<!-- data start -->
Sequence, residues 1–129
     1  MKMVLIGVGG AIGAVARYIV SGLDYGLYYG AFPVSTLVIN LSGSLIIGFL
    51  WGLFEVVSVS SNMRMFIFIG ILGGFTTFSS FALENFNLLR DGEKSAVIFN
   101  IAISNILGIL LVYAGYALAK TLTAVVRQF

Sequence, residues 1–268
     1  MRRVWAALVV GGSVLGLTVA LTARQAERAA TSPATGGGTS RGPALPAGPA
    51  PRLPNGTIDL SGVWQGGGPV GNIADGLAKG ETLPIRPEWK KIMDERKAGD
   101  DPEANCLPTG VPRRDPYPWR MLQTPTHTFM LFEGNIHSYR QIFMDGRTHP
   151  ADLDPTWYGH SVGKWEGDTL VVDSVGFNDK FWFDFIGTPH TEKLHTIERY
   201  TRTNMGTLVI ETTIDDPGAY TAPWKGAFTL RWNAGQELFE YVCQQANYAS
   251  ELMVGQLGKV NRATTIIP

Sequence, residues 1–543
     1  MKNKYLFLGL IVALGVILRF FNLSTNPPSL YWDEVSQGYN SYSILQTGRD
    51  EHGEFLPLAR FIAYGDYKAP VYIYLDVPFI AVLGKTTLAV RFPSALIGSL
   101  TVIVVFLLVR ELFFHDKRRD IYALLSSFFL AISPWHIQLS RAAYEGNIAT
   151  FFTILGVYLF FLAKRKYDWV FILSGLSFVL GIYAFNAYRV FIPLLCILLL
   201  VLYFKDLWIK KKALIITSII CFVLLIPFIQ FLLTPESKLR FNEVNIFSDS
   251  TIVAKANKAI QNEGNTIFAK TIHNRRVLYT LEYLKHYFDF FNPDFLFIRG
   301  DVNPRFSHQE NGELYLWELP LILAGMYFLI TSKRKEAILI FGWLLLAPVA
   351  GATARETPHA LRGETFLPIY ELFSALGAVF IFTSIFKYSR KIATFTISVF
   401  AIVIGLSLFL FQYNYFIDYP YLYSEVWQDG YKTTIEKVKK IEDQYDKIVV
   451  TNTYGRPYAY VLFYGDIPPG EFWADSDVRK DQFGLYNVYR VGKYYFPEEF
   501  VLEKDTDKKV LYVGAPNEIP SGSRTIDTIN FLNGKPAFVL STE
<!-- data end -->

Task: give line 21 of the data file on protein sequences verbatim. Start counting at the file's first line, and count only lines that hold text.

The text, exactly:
   401  AIVIGLSLFL FQYNYFIDYP YLYSEVWQDG YKTTIEKVKK IEDQYDKIVV